The other great dystopian novels of the 20th Century, 1984 and Fahrenheit-451 are coming true in their own ways too. Monopolistic, state-sanctioned control of the electronic media that pervades our lives, the labelling of dissenting opinion as "fake news", and the creation of a whole category of oxymoronic expressions such as "free speech doesn't include hate speech", are surely blatant examples of 1984's Telescreens, Thoughtcrime and Newspeak. The censorship and withdrawal of books because their authors have said something that doesn't accord with the political orthodoxy makes the book-burning world of Fahrenheit-451 look remarkably prescient.

Eighteen months ago no one predicted that we would respond to a pandemic by locking down healthy people in their homes. It had never been done in history - not for the Black Death, the 1918 influenza pandemic, the repeated polio epidemics of the early 20th Century, or SARS-1. We looked aghast at China locking up entire cities in early 2020 and said such an authoritarian response would never fly in Western countries. And yet here we are.

I hear you say that this is all just a temporary blip on the trajectory of ever-increasing liberty and prosperity. We had to give up a little freedom for Covid, and if the mainstream media is complicit in controlling opinions that are not conducive to "social cohesion" (to use an expression that has been used to justify the Ardern Government's proposed hate speech laws), well, that is not a bad thing. Besides, everything will all be back to normal once Covid is conquered, won't it?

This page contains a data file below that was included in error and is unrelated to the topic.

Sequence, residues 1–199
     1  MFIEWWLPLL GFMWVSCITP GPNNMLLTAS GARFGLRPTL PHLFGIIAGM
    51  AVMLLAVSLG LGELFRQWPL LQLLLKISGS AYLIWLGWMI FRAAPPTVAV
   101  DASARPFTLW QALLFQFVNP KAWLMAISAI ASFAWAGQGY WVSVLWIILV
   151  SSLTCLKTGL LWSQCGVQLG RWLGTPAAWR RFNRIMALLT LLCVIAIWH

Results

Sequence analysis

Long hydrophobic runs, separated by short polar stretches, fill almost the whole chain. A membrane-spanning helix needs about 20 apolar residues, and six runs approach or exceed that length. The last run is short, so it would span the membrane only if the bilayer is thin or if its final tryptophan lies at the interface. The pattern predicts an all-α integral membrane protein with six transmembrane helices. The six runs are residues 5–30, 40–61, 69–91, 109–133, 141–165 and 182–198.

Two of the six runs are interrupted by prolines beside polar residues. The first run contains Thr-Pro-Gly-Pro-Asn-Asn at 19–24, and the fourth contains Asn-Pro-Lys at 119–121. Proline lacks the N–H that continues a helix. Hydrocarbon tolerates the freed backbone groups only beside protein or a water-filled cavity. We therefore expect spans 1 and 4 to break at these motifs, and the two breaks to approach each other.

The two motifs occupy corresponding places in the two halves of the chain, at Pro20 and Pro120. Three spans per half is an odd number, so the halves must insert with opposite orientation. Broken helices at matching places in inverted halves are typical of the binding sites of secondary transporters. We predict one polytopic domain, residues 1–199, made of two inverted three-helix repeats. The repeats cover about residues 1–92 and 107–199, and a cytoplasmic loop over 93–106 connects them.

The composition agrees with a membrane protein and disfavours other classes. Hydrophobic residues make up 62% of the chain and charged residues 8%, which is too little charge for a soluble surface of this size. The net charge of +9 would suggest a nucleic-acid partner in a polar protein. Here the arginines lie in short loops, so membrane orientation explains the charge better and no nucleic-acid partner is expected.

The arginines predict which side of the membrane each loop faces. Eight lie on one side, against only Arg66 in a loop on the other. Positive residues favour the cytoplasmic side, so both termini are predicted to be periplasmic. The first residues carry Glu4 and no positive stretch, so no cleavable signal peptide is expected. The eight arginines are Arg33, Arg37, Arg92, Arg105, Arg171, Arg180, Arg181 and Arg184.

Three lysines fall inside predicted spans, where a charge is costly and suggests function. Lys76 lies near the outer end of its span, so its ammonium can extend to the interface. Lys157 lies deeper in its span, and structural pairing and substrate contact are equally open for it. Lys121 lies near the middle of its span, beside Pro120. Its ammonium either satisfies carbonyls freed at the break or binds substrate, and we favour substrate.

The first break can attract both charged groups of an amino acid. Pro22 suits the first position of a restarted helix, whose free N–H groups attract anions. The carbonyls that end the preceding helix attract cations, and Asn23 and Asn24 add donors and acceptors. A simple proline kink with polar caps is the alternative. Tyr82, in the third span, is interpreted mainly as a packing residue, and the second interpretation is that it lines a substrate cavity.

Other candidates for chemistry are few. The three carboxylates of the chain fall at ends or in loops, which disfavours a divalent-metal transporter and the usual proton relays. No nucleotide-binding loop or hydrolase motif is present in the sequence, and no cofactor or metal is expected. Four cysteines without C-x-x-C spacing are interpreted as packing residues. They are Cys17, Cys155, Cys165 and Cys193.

If you think that, you haven't been listening. Just this week there have been stories about how we won't be returning to normal anytime soon, perhaps not ever. Public health experts here in New Zealand are already saying we need to treat influenza just the same as Covid - with continuation of lockdowns, border restrictions and masks in public. New Zealanders overwhelmingly support this, according to research released by the prime minister's office, with 91% saying they do not see things returning to normal even after most of the population has been vaccinated against Covid. Isn't this starting to look a little bit like Brave New World?

For those of us who love freedom, it is hard to know how to respond to this mass Stockholm Syndrome. I am by nature an optimist and console myself with the positivity of The Rational Optimist and Human Progress, but I am also a keen student of history and I see many parallels between our present time and the late 1920s/early 1930s with its cultural decadence, the resurgence of authoritarian regimes to challenge the liberal world order, and the acceptance of extremist violence as a normal part of Western political discourse. In the last four decades we have enjoyed the greatest period of freedom, (relative) peace and prosperity in human history, but I fear that we are about to discover that those words by Ronald Reagan that appear at the top of this post are true.